Building a Nation: Indiana Geological Survey
The Indiana Geological and Water Survey at Indiana University has found and refined more than 10,000 photos since beginning this project in 2012. Rediscovered in a house owned by the Indiana Limestone Company, this pictorial project is believed to have 8,800 separate images. The collection, including duplicates, contains more than 26,000 individual photographs.
The collection dates range from the early to mid-1900s. The photos illustrate the Indiana limestone quarries and mills, as well as building sites across the country. The photographs demonstrate the Indiana limestone legacy in building some of the nation’s most iconic buildings. Hundreds of the buildings documented in this collection still stand today in excellent condition, showcasing the strength, beauty and durability of this natural stone.
When rediscovered, the documents were at serious risk, as they were stored in a structure without heat or air conditioning near the Indiana Limestone quarries. To preserve the collection, the Indiana Geological and Water Survey committed to cleaning and scanning the pictures, in addition to creating digital copies and metadata.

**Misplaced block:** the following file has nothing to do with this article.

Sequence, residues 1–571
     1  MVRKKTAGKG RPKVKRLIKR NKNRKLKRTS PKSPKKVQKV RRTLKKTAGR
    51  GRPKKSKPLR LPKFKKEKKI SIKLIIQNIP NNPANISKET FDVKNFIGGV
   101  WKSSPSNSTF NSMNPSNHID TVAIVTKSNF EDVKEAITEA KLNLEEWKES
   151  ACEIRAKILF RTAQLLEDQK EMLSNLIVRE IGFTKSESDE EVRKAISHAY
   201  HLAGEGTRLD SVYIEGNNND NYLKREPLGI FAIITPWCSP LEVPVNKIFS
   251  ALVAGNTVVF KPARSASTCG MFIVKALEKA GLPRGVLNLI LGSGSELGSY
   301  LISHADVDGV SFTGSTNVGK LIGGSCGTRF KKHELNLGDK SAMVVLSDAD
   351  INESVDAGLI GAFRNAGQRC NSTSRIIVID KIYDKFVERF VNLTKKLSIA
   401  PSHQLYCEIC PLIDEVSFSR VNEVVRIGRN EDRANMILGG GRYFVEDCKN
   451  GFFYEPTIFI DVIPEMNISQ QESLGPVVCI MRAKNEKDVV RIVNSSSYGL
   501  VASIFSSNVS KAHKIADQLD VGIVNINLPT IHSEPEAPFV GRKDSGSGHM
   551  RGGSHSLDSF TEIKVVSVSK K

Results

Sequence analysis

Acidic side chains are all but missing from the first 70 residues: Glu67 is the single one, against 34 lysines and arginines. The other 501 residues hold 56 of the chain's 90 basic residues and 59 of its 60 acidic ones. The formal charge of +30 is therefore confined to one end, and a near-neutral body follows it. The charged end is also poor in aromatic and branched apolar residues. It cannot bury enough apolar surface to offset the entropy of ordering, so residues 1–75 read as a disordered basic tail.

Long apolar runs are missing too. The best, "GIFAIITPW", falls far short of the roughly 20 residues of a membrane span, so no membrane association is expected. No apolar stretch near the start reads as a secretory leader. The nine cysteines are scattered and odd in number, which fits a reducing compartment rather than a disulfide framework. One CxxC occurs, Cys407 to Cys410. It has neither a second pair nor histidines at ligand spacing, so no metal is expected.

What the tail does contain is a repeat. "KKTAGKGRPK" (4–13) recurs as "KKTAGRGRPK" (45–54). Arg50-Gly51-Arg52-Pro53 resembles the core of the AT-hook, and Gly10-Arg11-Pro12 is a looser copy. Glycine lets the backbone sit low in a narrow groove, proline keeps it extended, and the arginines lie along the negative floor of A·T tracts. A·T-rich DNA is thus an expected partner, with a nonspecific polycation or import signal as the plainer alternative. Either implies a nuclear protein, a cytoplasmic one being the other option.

“Whether used for the entire building or just as adornments, Indiana limestone has a beauty that transcends time,” said Todd A. Thompson, the Director of the Indiana Geological Survey and State Geologist of Indiana. “We have also produced photographs showing ‘then and now’ images of just a small fraction of the buildings captured in the Indiana Limestone Photograph Collection. I think they illustrate that, regardless how the building was treated over the past 100 years, the limestone remains as the building’s most durable, and to me, most precious part.”
Duffe Elkins, Chief Operating Officer at Indiana Limestone Company, expressed the firm’s pride in the heritage illustrated by the photographs. “This is a record unlike any other, not just of our company’s history but also of the whole limestone-quarrying region,” he stated. “A find like this comes along very rarely. It’s a precious thing, and we’re so glad for the preservation efforts that the geological survey team is devoting to it.”
More than 5,000 photographs are currently available for viewing. Learn more at the Indiana University’s Image Collections Online site.